by Brian Bowman, Mayor of Winnipeg
I’m thrilled to be contributing a monthly column to Smart Biz Magazine. This is a great way for me to connect with Winnipeggers, and to fill you in on what’s been happening at City Hall. As you may remember, openness, honesty and transparency were among my key campaign commitments, and I’m delighted at this opportunity to further engage with readers from across Winnipeg.
I recently delivered my second State of the City Address at the RBC Convention Centre. It was rewarding to look back on the past year and recognize that we’re generating a lot of momentum toward building a modern, more open and transparent City. Winnipeg today is a growing, thriving city, and we are well on our way to building a more modern city through continued hard work and collaboration.
As part of my State of the City Address, I expressed my support for the demolition and redevelopment of the former Public Safety Building and Civic Parkade. This area represents a tremendous opportunity to further refine and renew our Exchange District, and to reconnect the East and West Exchanges. This will involve a lot of collaboration with Winnipeggers, Red River College, the Arts and Cultural Industries Association and leaders from the innovation, arts, and design sectors.
I also reconfirmed my support to remove the pedestrian barriers at Portage and Main as a key step to making this iconic area of downtown Winnipeg more accessible and engaging. I do believe Portage and Main is not just an intersection – it’s where Winnipeg has intersected with life!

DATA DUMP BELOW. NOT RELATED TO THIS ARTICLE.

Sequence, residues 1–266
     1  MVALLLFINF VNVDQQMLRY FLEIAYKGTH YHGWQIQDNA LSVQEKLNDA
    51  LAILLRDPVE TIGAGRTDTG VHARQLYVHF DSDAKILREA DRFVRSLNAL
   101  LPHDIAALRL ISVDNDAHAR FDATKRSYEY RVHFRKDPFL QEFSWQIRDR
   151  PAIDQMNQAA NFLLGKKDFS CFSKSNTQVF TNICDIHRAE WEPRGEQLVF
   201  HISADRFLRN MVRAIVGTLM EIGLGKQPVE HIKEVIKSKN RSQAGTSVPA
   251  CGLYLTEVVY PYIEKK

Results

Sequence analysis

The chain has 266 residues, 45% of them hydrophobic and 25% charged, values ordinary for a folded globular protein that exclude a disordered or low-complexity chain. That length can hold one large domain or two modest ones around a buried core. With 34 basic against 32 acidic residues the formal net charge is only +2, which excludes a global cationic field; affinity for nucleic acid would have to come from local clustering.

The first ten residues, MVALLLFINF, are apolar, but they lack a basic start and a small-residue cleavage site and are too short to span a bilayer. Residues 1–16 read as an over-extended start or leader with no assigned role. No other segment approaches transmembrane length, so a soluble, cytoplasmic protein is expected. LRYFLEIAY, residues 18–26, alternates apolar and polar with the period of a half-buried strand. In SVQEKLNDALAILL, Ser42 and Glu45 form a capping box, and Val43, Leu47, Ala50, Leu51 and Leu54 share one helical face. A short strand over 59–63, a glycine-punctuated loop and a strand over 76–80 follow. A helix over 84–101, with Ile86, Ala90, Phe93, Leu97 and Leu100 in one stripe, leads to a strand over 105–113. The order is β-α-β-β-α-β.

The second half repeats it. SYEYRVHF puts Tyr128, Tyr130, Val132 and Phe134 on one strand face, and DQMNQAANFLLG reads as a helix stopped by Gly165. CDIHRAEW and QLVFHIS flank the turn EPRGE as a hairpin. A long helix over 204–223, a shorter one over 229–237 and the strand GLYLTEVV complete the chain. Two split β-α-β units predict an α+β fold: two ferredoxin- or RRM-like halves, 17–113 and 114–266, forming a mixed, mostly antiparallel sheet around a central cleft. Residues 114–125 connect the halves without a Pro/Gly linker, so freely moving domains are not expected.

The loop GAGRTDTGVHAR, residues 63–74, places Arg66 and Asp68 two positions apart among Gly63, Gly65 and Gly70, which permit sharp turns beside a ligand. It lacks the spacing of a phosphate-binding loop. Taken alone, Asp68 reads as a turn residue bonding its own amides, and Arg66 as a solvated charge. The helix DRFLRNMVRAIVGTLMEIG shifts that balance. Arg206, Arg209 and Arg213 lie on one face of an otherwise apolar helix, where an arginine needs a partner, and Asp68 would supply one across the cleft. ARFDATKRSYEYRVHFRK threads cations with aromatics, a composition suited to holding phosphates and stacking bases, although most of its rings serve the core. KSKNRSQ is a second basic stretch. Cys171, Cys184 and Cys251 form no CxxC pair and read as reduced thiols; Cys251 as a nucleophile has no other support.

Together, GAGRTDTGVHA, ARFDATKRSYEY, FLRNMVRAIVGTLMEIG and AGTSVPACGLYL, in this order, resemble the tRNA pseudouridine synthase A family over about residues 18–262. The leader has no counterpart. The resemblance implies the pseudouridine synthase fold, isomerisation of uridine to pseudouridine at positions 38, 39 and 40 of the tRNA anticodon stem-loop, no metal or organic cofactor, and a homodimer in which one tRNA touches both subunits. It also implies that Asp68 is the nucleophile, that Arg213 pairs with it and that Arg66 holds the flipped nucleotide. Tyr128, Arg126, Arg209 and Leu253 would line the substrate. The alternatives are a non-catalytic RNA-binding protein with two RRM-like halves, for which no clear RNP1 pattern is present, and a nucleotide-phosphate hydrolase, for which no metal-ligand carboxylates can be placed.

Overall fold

To grow Winnipeg, we need to be open to all economic opportunities and options. Consistent with OurWinnipeg, the City’s long-term development plan, I reaffirmed my support for Aboriginal Economic Development Zones as a powerful opportunity to help build and develop our city. I have expressed my continued support to our federal government partners and I look forward to building inter-governmental cooperation and collaboration on how to use these opportunities to build Winnipeg.
In February, I was pleased to honour a campaign promise by initiating a discussion among other municipal leaders regarding the long-term future of funding and the need to find alternative revenue sources beyond property taxes.
In Winnipeg, we face an infrastructure deficit of over $7 billion. In Manitoba, municipalities are responsible for 60% of infrastructure, yet receive just 8 cents of every tax dollar to get the job done. Together with 137 other Mayors and Reeves across Manitoba, we continue to underscore to the province a need for a fair share and a fair say in how infrastructure dollars are spent in our communities.
As many readers will know, I have declared 2016 as the Year of Reconciliation for Winnipeg. It is my hope this will build on the years of important work by the Truth and Reconciliation Commission, and all of our grassroots organizations.
And I want to challenge all of you to consider what you can do – as individuals, as businesses – to respond to the calls to action of the Truth and Reconciliation Commission.
Reconciliation is about resilience. It’s about honouring the truth, and reconciling for the future. And each of us has a role to play. Our success as a city depends on the well-being of all Winnipeggers, working together, so we all have an opportunity to participate socially and economically in life.
I want to again thank you for the opportunity to serve as your Mayor and all your efforts to build a stronger Winnipeg. Working together, Winnipeg is retaking its rightful place at the centre of this great country!
Thank you, Merci and Miigwetch.